North Korea has denied orchestrating a cyber-attack on Sony Pictures in retaliation for an upcoming Hollywood movie that depicts an assassination plot against leader Kim Jong Un.
But an unidentified spokesman for the North's powerful National Defence Commission clearly relished the blow to the Culver City, California, company that he said was producing a film that was "abetting a terrorist act" and "hurting the dignity of the supreme leadership" of North Korea.
The spokesman said today the attack "might be a righteous deed of the supporters and sympathisers" of the North, and South Korea "groundlessly linked the hacking attack with" Pyongyang.
Last week's cyber-attack disrupted Sony Pictures' computer system and spewed confidential information on to the internet.
The film, The Interview, is a comedy starring Seth Rogen and James Franco.
"We do not know where in America the Sony Pictures is situated and for what wrongdoings it became the target of the attack, nor (do) we feel the need to know about it," the statement carried in state media said.
"But what we clearly know is that the Sony Pictures is the very one which was going to produce a film abetting a terrorist act while hurting the dignity of the supreme leadership of" North Korea.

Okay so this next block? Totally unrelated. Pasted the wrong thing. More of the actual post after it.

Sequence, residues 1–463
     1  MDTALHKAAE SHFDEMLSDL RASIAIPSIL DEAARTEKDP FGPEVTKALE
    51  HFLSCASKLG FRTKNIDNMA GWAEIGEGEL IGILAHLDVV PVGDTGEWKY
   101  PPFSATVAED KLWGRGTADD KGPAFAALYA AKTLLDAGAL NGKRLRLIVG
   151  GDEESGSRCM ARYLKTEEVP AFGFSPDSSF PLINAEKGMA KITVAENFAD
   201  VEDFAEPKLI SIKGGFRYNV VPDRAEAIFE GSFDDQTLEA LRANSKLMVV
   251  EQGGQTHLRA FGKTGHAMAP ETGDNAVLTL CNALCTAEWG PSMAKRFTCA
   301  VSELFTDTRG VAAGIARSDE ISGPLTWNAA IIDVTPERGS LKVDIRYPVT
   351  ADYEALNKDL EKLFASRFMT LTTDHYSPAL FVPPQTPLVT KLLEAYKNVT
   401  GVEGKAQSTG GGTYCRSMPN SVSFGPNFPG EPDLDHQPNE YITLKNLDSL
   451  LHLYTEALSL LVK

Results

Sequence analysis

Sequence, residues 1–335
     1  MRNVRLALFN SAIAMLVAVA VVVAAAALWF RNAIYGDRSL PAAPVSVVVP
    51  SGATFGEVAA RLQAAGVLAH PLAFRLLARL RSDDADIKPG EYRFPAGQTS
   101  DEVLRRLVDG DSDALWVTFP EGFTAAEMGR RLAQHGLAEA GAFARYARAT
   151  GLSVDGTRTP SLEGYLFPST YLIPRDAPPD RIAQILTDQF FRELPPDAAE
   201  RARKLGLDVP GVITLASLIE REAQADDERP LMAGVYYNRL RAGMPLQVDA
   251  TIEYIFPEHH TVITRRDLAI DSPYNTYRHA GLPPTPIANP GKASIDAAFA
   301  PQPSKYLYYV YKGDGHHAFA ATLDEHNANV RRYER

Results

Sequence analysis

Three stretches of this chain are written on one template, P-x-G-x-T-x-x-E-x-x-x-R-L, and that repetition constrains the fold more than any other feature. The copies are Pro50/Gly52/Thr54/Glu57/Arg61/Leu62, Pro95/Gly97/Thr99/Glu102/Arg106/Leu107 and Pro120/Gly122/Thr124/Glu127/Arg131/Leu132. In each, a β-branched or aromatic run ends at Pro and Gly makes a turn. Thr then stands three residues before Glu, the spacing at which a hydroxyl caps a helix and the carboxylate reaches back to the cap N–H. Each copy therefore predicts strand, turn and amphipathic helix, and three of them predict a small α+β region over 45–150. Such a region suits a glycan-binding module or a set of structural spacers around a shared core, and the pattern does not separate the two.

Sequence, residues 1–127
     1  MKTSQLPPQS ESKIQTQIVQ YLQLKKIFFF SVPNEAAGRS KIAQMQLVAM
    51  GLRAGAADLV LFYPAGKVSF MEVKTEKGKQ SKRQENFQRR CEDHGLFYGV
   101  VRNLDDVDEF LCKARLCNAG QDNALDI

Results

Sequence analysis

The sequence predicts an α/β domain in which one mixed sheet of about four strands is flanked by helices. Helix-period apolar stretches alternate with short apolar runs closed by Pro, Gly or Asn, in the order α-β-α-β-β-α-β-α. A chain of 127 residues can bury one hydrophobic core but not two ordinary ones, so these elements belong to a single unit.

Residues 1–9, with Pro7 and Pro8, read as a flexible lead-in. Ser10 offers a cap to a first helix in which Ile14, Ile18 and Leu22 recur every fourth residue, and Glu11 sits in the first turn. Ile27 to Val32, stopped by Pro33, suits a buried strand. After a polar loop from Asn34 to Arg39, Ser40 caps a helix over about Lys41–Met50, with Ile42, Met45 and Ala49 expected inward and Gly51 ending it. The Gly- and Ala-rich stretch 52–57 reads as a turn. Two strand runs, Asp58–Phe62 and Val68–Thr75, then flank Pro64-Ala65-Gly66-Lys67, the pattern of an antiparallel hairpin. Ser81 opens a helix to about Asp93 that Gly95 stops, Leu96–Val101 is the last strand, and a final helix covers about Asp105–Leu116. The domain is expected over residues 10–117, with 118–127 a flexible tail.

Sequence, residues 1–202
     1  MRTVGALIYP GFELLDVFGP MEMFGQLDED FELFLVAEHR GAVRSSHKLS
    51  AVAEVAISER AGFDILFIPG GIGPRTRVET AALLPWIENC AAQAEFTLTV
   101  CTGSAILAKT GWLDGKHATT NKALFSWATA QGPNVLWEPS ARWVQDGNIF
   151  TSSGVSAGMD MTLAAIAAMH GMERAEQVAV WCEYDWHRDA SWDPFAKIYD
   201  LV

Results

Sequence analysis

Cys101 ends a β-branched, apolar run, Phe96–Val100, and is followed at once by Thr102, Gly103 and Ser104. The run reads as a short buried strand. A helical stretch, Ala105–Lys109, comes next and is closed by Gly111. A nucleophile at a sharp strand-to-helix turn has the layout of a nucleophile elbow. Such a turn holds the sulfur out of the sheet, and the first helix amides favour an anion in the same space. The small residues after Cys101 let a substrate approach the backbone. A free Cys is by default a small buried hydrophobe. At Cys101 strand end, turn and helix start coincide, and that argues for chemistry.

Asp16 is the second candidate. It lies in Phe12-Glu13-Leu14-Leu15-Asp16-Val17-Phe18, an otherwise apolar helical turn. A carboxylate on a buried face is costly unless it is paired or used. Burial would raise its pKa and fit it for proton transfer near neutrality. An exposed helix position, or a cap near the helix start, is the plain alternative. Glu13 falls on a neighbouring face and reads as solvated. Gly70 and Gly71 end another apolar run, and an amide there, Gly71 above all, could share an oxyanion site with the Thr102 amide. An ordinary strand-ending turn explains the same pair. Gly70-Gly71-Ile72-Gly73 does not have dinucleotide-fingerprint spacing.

North Korea has built a cult personality around the Kim family, which has ruled for three generations, and sees any outside criticism of mockery of its leader as an attack on its sovereignty. It recently opened fire on anti-Pyongyang propaganda balloons that North Korean defectors in the South were floating across the border into the North.
The Interview's plot concerns an attempt on the life of Kim and Pyongyang is not amused.
The North's denial also included a threat.
The United States should know that "there are a great number of supporters and sympathisers with (North Korea) all over the world as well as the 'champions of peace' who attacked the Sony Pictures," the statement said.
"The righteous reaction will get stronger to smash the evil doings."
Some cyber-security experts say they have found striking similarities between the code used in the hack of Sony Pictures and attacks blamed on North Korea that targeted South Korean companies and government agencies last year.
Experts are divided, however, over the likelihood that North Korea or independent hackers were involved.